I blame the hype entirely on the media. Days and days of, "the world is going to screech to a halt as a massive storm slams into the Rockies undoubtedly stopping the world on its axis and causing your corner supermarket to be out of white bread. Prepare yourself! (here is how to do it... watch Channel X news continuously for the next week and talk endlessly with your colleagues about how horrible it is going to be and maybe we should just stay home)"

When the promised storm brought little snow on Sunday, I scoffed. But the hype continued.
Yesterday it started snowing.
And it didn't stop.
And I shoveled.
And still it didn't stop.

I went to the grocery store.
There was still white bread, but I was hard pressed to find Swiss cheese.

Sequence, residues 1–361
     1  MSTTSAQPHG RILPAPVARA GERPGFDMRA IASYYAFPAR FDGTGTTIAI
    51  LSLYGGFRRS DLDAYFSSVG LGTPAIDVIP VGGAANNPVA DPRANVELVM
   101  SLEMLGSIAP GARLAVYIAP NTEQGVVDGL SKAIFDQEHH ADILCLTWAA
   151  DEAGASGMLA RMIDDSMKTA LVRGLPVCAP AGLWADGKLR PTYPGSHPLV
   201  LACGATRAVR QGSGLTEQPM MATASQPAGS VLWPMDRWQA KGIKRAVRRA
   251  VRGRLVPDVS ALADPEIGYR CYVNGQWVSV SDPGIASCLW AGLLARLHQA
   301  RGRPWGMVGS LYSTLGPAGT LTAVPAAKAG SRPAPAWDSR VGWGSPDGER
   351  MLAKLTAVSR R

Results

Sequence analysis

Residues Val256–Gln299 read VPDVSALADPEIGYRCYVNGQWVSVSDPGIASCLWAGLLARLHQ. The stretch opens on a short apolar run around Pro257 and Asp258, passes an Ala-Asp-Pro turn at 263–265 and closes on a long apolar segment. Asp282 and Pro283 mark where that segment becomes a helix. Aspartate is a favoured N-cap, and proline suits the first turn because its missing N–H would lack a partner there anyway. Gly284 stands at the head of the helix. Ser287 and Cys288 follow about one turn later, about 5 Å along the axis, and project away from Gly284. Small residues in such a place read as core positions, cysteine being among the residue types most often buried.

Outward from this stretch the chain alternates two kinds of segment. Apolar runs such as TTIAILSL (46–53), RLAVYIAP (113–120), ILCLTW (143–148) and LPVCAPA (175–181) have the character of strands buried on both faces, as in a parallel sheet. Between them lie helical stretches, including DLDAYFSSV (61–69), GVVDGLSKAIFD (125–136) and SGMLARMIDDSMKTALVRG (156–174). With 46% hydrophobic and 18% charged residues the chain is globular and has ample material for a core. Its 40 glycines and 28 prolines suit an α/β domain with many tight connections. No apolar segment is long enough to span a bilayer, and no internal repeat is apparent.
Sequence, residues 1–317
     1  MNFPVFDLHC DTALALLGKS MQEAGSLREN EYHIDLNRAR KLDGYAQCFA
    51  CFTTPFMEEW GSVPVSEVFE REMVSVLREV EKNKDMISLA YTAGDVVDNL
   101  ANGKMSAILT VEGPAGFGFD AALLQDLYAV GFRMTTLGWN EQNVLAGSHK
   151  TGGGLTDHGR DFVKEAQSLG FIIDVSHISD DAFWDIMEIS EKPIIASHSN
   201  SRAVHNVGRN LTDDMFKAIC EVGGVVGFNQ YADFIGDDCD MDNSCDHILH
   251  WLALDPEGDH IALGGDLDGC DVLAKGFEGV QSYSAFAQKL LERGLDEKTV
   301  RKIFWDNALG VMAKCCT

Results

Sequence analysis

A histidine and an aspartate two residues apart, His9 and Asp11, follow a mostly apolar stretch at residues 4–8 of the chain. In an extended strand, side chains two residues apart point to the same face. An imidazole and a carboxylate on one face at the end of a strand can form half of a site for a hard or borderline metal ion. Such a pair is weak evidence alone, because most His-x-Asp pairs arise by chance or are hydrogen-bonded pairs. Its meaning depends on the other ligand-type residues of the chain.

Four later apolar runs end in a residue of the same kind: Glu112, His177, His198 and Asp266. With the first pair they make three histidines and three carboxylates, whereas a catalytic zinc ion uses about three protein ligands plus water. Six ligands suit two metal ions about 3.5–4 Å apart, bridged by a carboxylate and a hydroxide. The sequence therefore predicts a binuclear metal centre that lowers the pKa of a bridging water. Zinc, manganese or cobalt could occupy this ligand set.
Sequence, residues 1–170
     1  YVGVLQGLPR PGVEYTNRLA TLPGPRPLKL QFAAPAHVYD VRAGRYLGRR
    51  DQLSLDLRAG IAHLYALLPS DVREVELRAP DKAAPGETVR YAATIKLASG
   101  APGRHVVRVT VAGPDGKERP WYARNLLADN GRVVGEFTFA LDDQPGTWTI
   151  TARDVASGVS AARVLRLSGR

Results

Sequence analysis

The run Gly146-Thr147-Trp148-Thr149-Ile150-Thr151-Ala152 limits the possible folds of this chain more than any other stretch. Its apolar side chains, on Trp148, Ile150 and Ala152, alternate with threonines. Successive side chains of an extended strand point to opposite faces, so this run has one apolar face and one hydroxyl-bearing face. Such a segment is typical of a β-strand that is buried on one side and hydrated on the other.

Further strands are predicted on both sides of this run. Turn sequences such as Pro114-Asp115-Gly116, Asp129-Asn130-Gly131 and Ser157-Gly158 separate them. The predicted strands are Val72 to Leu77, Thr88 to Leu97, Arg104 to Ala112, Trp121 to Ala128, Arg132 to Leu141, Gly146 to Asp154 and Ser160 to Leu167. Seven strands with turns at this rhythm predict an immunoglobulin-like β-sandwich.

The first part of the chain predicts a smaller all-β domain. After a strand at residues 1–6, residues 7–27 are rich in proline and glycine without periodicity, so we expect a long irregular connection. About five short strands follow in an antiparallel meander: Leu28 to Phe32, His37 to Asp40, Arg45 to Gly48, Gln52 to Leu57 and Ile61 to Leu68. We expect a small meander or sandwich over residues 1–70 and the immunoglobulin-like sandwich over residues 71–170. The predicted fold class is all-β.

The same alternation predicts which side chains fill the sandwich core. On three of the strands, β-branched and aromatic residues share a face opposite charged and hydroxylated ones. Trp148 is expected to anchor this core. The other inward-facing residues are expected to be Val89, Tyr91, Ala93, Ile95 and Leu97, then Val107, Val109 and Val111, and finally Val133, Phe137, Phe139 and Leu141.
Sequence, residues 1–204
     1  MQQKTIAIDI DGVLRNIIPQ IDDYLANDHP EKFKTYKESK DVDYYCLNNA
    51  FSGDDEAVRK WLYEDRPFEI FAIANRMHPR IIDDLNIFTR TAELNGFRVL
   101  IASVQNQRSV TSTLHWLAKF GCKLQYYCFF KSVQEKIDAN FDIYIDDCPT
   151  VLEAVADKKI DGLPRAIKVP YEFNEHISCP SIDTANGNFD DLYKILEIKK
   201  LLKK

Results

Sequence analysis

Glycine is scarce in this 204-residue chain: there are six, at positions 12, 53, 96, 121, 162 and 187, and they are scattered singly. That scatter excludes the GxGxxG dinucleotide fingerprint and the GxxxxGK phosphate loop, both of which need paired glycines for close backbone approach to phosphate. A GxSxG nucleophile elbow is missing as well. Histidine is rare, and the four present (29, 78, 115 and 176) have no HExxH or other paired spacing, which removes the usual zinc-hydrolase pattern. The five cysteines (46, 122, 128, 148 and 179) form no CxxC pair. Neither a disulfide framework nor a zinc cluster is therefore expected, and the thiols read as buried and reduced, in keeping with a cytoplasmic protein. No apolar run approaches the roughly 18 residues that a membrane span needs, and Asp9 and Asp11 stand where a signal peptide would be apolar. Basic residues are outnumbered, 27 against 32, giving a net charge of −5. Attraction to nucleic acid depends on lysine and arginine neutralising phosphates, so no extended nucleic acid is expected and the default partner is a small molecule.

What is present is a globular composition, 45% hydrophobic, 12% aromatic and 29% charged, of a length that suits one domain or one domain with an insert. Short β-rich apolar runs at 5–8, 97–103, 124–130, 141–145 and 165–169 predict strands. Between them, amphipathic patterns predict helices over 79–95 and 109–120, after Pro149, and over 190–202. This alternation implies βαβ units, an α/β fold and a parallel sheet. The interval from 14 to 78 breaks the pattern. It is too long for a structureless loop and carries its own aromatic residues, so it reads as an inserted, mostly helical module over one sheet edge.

I got some unexpected help from TWO neighbors with snow blowers at dusk last night. Turns out the 40-something dads who have kept that old rusty thing in the back of the garage for the last five years unused, will bust it out when the snow total exceeds 10 inches. Or maybe they just felt sorry for the sweaty lady with the deep corner lot.

And still it didn't stop.
And today Colorado State University and all the schools were cancelled and the roads were quiet except for the snow plows.
It has stopped.

I gave up the shoveling effort after two-thirds of a two-car driveway and 50 yards of a 200 yard sidewalk.
I'm hoping one of those neighbors gets frisky with that snow blower again.
I'm going back to weaving.
Because that is my post-apocalyptic life skill.

Tuesday, January 26, 2016

That sign with your name on it in the airport greeting area.